AUGUST 22 - THE International Rugby Board (IRB) are to introduce a new rule that clubs must release players to take part in the Olympics if it is accepted on to the Games programme for 2016.
It is designed to avoid the kind of club versus country row that overshadowed the start of the Olympic football tournament in Beijing.
IRB regulations state that clubs are obligated to release players for international matches, but those do not currently mention the Olympics, which rugby has not participated in since the Paris Games of 1924.
So the Dublin-based governing body will use a council meeting in November to set a specific agreement to secure players' release for the Olympic Games period.
IRB chairman Bernard Lapasset: "It's very important that the top players will be with us.
"Everyone - the clubs, the unions, the players, everyone - said that any updated version [of the regulations]...has to be carved out within that the players will be released for the Olympic Games."
Like football, the main concern for rugby in the player availability situation would be the wealthy European clubs which contract players from all over the world.
Some of Europe's biggest football clubs won an appeal in the Court of Arbitration for Sport against being forced to release star players for the Olympic tournament.
Rugby is pushing for its condensed Sevens format - a regular side has 15 players - to be included in the Olympics.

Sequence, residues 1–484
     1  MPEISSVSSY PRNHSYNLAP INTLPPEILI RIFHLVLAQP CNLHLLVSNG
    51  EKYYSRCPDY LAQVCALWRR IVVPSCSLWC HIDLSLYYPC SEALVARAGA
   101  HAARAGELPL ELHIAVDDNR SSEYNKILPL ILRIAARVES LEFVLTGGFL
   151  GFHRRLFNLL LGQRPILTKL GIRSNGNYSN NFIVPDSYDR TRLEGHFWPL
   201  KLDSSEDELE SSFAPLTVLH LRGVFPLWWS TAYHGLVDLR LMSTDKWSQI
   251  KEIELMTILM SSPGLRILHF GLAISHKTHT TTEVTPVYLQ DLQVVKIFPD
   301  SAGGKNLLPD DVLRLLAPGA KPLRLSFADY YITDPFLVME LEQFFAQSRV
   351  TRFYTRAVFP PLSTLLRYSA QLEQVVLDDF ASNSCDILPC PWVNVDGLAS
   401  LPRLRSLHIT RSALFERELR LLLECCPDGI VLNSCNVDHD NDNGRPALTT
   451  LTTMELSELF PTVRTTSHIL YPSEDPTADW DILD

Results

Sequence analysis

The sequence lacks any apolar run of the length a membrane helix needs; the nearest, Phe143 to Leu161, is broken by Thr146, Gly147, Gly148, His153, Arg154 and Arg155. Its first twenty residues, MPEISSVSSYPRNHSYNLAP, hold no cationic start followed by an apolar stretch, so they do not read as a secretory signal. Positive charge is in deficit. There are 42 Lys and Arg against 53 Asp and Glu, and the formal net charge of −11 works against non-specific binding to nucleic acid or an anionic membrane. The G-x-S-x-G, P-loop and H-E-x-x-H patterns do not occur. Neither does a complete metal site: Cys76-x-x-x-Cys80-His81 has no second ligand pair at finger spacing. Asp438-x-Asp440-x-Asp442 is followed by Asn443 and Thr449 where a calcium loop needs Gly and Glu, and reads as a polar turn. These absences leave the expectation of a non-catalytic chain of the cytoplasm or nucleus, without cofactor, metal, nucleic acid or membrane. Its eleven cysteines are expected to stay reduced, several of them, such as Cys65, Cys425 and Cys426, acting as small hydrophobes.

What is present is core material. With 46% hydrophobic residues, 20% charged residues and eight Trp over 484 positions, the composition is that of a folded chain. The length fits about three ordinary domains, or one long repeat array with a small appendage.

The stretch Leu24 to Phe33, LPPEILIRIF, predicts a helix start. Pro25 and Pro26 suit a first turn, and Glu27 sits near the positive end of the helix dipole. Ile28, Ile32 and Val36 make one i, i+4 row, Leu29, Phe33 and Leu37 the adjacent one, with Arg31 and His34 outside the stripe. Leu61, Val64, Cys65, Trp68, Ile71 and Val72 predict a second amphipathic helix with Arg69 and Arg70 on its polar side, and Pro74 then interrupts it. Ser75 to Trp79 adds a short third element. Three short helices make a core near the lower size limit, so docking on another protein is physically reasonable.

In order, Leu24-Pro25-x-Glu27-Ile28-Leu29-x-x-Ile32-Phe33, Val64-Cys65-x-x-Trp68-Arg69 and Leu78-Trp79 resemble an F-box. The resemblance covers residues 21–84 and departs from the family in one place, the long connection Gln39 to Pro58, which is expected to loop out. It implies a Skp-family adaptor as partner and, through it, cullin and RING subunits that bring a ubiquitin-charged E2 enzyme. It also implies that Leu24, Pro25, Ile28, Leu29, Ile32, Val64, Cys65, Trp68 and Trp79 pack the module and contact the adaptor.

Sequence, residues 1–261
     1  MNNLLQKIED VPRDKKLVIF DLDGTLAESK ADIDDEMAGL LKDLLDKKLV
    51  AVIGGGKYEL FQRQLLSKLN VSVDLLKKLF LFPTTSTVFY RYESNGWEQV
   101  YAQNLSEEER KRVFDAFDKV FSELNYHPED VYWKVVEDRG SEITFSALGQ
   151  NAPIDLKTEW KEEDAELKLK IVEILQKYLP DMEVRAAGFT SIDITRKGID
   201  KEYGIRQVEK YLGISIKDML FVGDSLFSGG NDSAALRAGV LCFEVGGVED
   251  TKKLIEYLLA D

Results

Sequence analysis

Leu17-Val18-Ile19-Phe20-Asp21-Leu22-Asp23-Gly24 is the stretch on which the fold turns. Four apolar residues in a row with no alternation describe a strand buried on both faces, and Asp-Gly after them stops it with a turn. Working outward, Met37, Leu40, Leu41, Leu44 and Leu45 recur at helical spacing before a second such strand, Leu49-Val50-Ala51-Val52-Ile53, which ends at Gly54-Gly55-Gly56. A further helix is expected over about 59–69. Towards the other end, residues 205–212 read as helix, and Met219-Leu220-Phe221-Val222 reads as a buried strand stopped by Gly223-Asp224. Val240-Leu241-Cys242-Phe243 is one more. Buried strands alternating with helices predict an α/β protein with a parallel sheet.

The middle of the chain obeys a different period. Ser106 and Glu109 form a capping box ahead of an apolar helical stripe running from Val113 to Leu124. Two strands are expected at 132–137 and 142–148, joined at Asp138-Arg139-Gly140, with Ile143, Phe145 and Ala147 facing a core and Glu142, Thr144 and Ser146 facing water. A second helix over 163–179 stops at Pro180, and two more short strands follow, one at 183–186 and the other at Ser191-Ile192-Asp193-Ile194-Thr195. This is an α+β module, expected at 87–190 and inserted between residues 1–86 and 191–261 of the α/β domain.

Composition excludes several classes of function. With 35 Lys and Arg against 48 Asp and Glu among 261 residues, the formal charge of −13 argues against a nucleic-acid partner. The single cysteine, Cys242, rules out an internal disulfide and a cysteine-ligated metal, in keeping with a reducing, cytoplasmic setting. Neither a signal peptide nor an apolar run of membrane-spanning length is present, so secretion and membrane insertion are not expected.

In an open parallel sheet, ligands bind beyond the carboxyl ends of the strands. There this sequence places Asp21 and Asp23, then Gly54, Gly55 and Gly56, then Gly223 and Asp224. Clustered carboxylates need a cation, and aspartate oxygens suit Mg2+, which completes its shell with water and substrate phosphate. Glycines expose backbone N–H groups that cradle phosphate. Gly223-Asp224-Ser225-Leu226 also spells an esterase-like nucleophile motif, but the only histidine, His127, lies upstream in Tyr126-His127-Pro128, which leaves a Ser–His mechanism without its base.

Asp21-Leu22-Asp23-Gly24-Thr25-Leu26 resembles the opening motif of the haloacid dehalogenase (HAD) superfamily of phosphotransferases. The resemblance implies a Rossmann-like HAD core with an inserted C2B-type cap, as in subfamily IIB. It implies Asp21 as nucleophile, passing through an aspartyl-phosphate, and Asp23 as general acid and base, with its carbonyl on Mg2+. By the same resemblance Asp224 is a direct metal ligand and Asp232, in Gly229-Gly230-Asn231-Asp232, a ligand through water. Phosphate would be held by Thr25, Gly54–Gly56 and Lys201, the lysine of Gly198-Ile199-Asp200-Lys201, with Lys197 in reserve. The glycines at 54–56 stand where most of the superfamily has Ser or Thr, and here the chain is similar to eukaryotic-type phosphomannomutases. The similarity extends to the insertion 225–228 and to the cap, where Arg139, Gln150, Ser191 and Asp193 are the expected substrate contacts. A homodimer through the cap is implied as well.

The IRB said it had the full backing of the players and was in continuous talks with the International Rugby Players' Association over issues including the rest period for international matches.
Lapasset said: "All the top players are involved in this process.
"They support the sevens in the Olympic movement and we receive the support of all the top level players."
Rugby sevens is one of seven sports bidding to be included on the programme for 2016.
A decision is due to be made by the International Olympic Committee (IOC) at its Session in Copenhagen in October 2009.
Lapasset has spent the last three weeks in Beijing lobbying for his sport's inclusion and has met with 70 IOC members.
He said: "We're seeing good support from a lot of people around the world and I am surprised about that.
"Probably it's a good support now to rejoin the Olympics movement, to be recognised apart of the family, which we are."
Under their plans, the IRB would organise the rugby tournament in the main stadium between the opening ceremony and the start of the athletics.
Mike Miller, the IRB's chief executive, said: "You have a stadium that is empty for a week after the opening ceremony.
"We can fill that."
England's Rugby Football Union are among those supporting the IRB's campaign.
Martyn Thomas, the chairman of the RFU's management board, has promised that if rugby is accepted into the Olympics the four Home Countries will happily play under a British banner unlike football where Scotland and Wales are refusing to join a Team GB because of fear they will lose their independence.
Thomas said: "We are the governing body for sport in England but we have got a wider perspective and we want to see the game develop worldwide.
"If we had the opportunity I am sure all the governing bodies would want to see a Great Britain team at the Olympics.
"In a sense we have a precedent with the British Lions.
"It would be fantastic and I am sure everyone would be right behind it."